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  23. I just recently subscribed to this blog, and I must say that I am impressed. I just turned 22 years old last month and have plans on retiring very young also (before 30). I have the plan all worked out and have started to implement it starting this month. But what is really cool is that I would really love to document my progress, just like this blog does. The problem is that I am not sure how to get it started. I would appreciate some advice on this process(if possible).

  24. Redgtxdi says:

    Thank you Brian!!!

    It makes my spine hurt every time I hear of people hanging onto mortgages as if they’re some type of asset. They are a L-I-A-B-I-L-I-T-Y!!!

    I’ll hang onto a mortgage when they start offering 30 year/0% versions!!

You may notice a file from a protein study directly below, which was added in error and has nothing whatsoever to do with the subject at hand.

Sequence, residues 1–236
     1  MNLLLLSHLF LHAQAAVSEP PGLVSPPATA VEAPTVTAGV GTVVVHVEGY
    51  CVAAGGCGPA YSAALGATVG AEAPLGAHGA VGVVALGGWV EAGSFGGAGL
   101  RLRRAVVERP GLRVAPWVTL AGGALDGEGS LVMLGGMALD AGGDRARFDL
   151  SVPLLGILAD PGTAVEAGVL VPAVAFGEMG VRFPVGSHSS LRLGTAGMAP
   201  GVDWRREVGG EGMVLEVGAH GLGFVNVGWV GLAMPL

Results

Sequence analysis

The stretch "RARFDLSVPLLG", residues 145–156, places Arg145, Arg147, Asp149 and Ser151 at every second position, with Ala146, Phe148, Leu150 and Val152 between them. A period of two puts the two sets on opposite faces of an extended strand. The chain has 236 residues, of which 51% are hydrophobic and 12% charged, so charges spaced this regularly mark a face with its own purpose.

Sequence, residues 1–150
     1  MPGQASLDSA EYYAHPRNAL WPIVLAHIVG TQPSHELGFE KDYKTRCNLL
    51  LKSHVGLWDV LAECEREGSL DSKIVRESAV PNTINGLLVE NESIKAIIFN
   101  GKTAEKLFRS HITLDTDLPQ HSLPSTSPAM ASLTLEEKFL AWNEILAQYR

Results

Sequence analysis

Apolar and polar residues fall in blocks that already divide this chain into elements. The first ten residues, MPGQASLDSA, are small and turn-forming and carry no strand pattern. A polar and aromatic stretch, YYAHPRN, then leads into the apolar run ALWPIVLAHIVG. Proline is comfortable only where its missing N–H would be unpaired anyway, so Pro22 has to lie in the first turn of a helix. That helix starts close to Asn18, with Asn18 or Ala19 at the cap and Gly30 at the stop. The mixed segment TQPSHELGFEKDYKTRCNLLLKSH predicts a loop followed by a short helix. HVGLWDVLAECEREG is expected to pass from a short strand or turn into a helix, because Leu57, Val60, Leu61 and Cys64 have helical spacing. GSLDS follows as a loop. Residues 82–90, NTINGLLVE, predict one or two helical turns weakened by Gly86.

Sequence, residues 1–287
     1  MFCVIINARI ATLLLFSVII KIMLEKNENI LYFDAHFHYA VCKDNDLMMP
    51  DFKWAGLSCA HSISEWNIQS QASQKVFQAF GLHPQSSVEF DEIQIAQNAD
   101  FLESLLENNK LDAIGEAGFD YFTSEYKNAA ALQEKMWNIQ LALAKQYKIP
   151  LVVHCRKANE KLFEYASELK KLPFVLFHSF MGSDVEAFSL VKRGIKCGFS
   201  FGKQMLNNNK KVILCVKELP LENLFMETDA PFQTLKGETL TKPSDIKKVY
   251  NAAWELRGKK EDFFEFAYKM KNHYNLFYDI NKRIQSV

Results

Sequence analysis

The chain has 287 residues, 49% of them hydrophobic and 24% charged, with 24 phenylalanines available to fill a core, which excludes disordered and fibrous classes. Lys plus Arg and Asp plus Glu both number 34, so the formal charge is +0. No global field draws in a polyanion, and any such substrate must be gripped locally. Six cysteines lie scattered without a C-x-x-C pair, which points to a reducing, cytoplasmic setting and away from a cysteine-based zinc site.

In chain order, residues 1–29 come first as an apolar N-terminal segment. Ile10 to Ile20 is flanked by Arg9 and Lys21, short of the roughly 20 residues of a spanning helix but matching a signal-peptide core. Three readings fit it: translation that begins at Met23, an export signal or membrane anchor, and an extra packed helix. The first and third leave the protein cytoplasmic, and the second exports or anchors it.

:)

  25. @Brian

    Of course there is risk involved – as there is with any investment. Do you seriously think that investing in your house isn’t risky? Look at what is happening now in the housing market. By keeping your money out of your house you avoid that risk and take on the risk of your alternative investment (most likely the stock market). The fact is that for most people and situations, keeping your mortgage and investing in a sensible balanced portfolio gives a much better risk / reward combination than paying off the mortgage.

    Also, the current credit issues have *nothing* to do with people investing in the market instead of paying off their mortgage. It has everything to do with people buying houses they can’t afford with adjustable rate loans that are fine for them right up until the rate adjusts.